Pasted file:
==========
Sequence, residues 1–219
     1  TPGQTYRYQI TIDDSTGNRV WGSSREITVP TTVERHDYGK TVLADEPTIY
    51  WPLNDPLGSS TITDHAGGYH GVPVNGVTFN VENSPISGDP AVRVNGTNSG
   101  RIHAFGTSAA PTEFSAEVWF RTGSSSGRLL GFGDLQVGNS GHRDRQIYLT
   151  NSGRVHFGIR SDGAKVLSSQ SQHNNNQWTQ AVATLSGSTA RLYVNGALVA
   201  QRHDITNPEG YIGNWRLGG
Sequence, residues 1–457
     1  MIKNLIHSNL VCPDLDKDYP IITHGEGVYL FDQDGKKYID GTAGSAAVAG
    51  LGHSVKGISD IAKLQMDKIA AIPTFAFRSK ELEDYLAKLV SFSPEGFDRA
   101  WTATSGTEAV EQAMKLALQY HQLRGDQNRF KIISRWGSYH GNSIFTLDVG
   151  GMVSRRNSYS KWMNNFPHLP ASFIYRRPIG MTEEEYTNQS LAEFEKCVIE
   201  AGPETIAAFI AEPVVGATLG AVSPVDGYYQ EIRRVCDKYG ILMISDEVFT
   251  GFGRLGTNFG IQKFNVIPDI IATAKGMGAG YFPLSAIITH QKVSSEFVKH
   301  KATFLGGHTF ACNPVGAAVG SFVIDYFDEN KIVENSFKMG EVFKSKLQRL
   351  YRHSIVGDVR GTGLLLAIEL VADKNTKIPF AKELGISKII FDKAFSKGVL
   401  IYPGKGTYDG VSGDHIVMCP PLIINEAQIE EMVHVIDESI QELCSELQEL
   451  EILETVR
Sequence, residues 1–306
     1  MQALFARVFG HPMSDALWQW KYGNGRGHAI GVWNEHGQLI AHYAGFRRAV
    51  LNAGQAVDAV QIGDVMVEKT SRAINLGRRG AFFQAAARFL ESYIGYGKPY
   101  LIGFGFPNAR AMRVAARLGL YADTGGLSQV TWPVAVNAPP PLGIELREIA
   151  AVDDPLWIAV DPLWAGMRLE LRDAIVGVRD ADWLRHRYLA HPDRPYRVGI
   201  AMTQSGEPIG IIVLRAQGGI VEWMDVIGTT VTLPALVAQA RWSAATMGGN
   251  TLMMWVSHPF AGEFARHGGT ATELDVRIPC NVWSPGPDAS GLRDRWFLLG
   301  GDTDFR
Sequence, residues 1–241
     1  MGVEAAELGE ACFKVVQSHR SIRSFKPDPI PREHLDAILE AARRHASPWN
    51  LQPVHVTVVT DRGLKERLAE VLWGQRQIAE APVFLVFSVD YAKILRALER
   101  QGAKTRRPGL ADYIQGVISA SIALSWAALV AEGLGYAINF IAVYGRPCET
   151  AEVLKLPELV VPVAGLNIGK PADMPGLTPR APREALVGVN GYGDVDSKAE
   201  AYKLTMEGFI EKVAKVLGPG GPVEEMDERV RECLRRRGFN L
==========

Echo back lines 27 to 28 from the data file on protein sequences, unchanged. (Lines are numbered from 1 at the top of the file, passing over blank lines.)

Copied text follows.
     1  MGVEAAELGE ACFKVVQSHR SIRSFKPDPI PREHLDAILE AARRHASPWN
    51  LQPVHVTVVT DRGLKERLAE VLWGQRQIAE APVFLVFSVD YAKILRALER